The new reality that today’s IT teams must learn to live with, is a continually evolving network. Instead of everyone migrating to the cloud, the industry is witnessing a near-universal adoption of hybrid network architecture. New edges are added to the network due to user demand, digital acceleration, and evolving business strategy, making it more complex to manage and more challenging to secure.
One of the biggest challenges that companies confront is providing consistent policy enforcement and broad visibility across a network where applications, devices, users, edge platforms, and different compute and networking platforms – many of which are temporary – are continuously changing.
According to IBM’s Cyber Resilient Organization Study 2021, enterprises have deployed an average of 50 cybersecurity tools in their networks. Most of these are isolated point solutions that prevent IT teams from centralizing configurations and management, orchestrating policies, or even controlling their security architecture.
Modern On-Premises Security
For today’s networks, performance is identified as a top necessity. Connections are the lifeblood of networks, and the faster they are, the better. High network performance is also required by organizations to improve user experience, optimize applications, and promote digital agility.
As a result, security tools require more processing power than network devices. A network security appliance must be significantly faster than a networking device to accomplish its function without affecting the user experience. However, most security devices and systems are unable to do so. They were built with off-the-shelf processors that were never meant to serve the specialized functions they must do.
Modern Multi-Cloud Security
Many of the issues a cloud-based security platform faces are the same as those faced by an on-premise solution. It can, however, rely on dynamic scalability to meet performance requirements. However, a multi-cloud security platform optimized using the same engineering processes used to construct a physical ASIC will outperform comparable solutions.
To decrease operational overhead and friction, a multi-cloud security platform must perform reliably in diverse settings with consistent policies. Misconfigurations are still the most common cause of cloud security vulnerabilities; therefore, merely running security on a cloud platform isn’t enough. Security must run natively on each cloud to leverage its unique features. However, while every major cloud platform natively supports only a few security solutions, most businesses employ a multi-cloud strategy. As a result, many of these companies are either using various security solutions in each cloud or using non-native security solutions with limited capability because they cannot fully utilize the platform capabilities where they are installed.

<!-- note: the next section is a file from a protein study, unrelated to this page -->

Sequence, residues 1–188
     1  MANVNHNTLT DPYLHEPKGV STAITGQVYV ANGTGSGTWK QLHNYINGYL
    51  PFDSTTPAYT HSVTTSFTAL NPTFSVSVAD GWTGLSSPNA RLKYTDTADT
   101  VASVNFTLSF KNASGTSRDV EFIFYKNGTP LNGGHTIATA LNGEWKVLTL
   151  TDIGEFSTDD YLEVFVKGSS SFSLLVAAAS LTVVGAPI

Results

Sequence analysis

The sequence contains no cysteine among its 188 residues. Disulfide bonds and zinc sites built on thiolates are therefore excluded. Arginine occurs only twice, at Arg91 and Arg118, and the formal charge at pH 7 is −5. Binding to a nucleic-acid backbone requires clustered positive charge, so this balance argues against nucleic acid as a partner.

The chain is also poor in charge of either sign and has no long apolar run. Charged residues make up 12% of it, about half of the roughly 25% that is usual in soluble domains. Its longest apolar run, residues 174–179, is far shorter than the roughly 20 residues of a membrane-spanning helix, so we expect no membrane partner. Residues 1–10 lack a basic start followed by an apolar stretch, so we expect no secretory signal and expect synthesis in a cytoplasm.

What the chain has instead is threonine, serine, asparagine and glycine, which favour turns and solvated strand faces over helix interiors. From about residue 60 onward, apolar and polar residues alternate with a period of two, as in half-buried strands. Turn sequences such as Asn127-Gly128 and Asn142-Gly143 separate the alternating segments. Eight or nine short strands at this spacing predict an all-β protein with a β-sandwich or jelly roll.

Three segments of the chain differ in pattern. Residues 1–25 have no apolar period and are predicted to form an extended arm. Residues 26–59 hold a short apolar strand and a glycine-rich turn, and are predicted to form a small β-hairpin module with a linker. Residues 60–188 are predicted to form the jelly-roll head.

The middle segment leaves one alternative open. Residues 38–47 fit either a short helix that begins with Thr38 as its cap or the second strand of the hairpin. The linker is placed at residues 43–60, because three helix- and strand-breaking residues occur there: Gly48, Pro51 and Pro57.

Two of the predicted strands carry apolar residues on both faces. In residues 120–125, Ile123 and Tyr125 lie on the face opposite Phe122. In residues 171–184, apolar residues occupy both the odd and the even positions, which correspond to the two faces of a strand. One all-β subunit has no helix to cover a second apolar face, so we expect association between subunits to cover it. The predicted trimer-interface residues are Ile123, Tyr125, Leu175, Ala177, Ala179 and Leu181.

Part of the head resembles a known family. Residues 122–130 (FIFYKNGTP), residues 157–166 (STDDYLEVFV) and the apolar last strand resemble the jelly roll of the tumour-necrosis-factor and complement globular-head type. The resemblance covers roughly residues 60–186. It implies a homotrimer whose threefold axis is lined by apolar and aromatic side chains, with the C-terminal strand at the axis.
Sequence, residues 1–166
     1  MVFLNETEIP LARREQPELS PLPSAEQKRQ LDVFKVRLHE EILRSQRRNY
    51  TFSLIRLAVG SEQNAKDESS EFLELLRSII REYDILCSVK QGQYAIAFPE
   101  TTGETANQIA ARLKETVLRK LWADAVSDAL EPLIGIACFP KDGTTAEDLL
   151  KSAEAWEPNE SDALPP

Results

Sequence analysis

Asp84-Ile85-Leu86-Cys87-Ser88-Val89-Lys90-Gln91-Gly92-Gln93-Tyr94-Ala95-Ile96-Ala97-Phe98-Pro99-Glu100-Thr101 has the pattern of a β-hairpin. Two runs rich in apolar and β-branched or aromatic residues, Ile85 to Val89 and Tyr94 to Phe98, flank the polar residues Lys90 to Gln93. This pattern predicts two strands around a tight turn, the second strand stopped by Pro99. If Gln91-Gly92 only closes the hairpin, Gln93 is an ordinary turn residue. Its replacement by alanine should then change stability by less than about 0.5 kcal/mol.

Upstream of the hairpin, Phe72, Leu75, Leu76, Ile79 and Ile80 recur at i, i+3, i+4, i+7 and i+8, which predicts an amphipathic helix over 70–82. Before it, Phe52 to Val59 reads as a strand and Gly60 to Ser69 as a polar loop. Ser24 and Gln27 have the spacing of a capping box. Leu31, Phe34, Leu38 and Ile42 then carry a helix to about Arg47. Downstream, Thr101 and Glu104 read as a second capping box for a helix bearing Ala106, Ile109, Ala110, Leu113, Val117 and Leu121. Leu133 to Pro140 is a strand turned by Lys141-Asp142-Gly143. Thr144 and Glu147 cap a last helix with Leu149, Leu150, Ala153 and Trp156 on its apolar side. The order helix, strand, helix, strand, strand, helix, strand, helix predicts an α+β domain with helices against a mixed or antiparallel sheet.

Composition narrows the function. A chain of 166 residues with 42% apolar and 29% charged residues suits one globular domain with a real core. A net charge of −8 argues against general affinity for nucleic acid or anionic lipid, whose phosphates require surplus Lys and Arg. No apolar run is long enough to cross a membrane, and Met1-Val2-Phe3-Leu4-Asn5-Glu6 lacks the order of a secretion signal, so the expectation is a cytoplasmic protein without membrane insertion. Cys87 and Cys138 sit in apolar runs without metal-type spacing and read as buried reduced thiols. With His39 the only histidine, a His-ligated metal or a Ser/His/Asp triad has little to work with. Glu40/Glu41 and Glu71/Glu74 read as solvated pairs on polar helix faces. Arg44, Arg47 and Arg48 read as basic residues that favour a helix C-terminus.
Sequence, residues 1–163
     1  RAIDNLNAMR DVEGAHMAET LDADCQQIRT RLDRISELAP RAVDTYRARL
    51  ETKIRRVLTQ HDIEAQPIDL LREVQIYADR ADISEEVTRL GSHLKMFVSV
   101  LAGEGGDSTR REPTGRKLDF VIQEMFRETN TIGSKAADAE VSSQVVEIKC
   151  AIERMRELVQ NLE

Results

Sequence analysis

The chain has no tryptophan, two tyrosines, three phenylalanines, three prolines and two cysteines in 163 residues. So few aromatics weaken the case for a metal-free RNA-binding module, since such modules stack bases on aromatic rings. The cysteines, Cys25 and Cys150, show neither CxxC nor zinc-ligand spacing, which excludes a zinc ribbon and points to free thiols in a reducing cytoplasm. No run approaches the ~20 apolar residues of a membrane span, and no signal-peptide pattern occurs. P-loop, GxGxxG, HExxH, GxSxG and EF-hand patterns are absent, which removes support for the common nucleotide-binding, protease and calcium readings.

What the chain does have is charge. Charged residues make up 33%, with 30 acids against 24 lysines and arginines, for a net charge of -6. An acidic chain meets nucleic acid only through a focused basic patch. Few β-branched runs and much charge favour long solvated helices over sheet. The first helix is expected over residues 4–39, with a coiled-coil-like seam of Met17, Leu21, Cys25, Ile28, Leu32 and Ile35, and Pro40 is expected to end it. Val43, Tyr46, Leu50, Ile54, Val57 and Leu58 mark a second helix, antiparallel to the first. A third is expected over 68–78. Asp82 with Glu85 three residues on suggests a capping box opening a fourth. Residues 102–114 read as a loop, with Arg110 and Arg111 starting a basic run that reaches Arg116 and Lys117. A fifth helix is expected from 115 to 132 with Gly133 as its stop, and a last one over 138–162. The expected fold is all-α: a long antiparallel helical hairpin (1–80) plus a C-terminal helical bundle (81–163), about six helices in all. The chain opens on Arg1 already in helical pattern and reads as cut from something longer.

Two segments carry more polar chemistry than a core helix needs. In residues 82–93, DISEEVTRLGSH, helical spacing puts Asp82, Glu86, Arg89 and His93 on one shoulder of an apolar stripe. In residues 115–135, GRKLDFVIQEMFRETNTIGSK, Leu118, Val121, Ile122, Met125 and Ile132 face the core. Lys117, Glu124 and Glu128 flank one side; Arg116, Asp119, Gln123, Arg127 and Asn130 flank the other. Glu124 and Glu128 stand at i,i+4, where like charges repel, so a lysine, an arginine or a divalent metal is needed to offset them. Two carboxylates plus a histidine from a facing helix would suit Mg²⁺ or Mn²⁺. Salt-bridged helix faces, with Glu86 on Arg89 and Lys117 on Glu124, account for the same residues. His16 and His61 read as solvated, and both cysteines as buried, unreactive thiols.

Even if they identify a solution that can function natively in multi-cloud environments, cloud-to-cloud connections are often insufficient. As a result, a security platform must be able to translate functions and policies between clouds. It’s even better if policies are consistent across cloud and on-premises solutions.
Multi-cloud security solutions also enhance end-user security. Mobile and remote users benefit from cloud-based Security-as-a-Service and secure access control. However, this is another example of how adding yet another security solution can not only complicate management and restrict visibility but also reduce a security strategy’s overall efficacy. Cloud-based security services, instead, must be created on the same security platform. This ensures that security policies and enforcement are applied to each transaction from beginning to end.
Bringing Physical and Virtual Solutions Together
One benefit of installing a single security platform throughout the network that runs on a single OS is that it can safeguard interactions between virtual and physical networks. While hybrid networks enable the digital acceleration companies need to compete successfully in the evolving digital marketplace and meet user demand, they also present a significant challenge to anyone attempting to build and manage an efficient security strategy. Building a security architecture that meets today’s demands and can adapt and scale to meet the needs of tomorrow’s network requires starting with a universally deployable and integrated security platform. One that is built for convergence and consistent speed, whether container, on-prem, cloud, or SASE-based.
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